Essays on Drug Company Monopolies and Ethics Case Study

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The paper "Drug Company Monopolies and Ethics" is a perfect example of a management case study.   According to Friedman (1970), businesses have an obligation to maximize the shareholders’ wealth. In addition, he emphasizes that organizations need not engage in activities that will serve to increase their costs. Moreover, he viewed any social cost as a tax, and according to him, businesses are obliged to pay taxes to the government, and therefore, such social responsibilities should be left to the authorities (Blowfield & Murray, 2008). A neo-classical proponent, Milton Friedman argued that profitability, when achieved through ethical means and in the obedience of the law is sufficient to express corporate social responsibility (CSR).

According to Werhane (2000), the classical narrow view stresses that the management sole responsibility is to maximize business profits. This view was equally shared by Friedman (1970) who claimed that the primary objective of the company’ s directors and managers was to operate in the best interest of shareholders who are the owners’ of the business. According to Sharp (2003), corporate expenditure on social-related programs is a major violation of management responsibility to the shareholders.

As echoed by Wilson (1989), the sole social responsibility of the business involves the efficient use of resources to finance activities that increase profitability while observing the law. Further, he echoed proponents of the classical narrow view that manager's responsibility is to operate with a view of maximizing the organization’ s financial returns for the interest of the shareholders. In respect of social responsibility initiatives, Friedman argues that if such actions add up to the cost of the business, they will serve to reduce the returns which will go contrary to the interest of shareholders, reducing employees pay, and for the worst, increasing products cost as such costs will ultimately be factored into product costs.

Friedman’ s view is echoed by Carrol (1979) who argued that those who are opposed to CSR activities fear that such activities could dilute the business economic activity and such activities do not generate returns to cover their costs. Most proponents of classical narrow view argue that CSR programs are extremely dangerous as they distract the business from its primary objective of maximizing shareholders’ wealth (Nunan, 1988).

In this vein, such individuals argue that when business get concerned with the employees, for instance, building them hospitals and schools for their children, the business serves to portray itself as “ fashionable” or a great innovator (Garriga & Mele, 2004). From the case study, the drug companies prove to be profit-minded for their lack of concern to human life. In addition, they take advantage of their drug monopoly to impose prohibitive prices on their products making them available only to the rich. Regrettably, these companies cause social injury since their actions are not in the best interest of all. To the contrary, Shaw (1988) defies Friedman argument by establishing a positive relationship between company profitability and CSR efforts.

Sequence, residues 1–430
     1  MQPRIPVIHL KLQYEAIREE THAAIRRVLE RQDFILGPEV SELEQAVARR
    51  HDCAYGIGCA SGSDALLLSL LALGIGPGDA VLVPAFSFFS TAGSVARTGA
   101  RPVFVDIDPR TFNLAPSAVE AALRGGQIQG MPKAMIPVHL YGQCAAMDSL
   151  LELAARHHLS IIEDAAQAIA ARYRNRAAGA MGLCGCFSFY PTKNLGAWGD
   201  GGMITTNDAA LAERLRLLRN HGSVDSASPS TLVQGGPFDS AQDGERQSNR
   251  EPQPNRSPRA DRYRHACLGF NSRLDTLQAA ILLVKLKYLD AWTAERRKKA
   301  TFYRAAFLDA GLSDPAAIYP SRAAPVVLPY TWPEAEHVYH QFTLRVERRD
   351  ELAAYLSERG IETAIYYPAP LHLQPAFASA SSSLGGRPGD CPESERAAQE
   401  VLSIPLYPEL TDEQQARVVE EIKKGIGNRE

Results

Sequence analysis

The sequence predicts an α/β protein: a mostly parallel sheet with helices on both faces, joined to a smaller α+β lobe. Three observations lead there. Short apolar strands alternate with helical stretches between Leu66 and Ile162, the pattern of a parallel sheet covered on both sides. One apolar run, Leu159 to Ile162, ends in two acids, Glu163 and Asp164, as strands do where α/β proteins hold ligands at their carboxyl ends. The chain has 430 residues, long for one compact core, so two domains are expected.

Shaw (1988) sharply differs with proponents of narrow classical view who argued that CSR activities amount to extra taxes on business. He argued that even though, the company does not engage in CSR activities for any direct financial gain, the long term effect of such activities serves to enhance business profitability. This is because, those businesses that undertake social programs endear themselves to the society by creating a good image, and therefore, many people would prefer to consume their products.

Nonetheless, as the issue of CSR remains a significant challenge to the proponents of the pure classical approach, the social-economic approach views the management responsibility beyond that of ensuring business profitability. Interestingly, social-economists argue that businesses have an obligation to protect the society within which it exists. This view is echoed by Mulligan (1993) who suggested that businesses can further be classified based on the approach taken towards CSR. In this respect, Mulligan (1993) categorized businesses into two main classifications, namely; those that engage in relational responsibility and those that engage in social activism.

Relational responsibility refers to the adoption of social-economic measures to protect welfare groups including customers and employees who are most affected by business operations. On the other hand, social activism occurs when businesses adopt social-economic approaches with a view of protecting society as a whole. In this regard, many businesses engage in CSR activities irrespective of whether their operations have or have no negative impacts on society.


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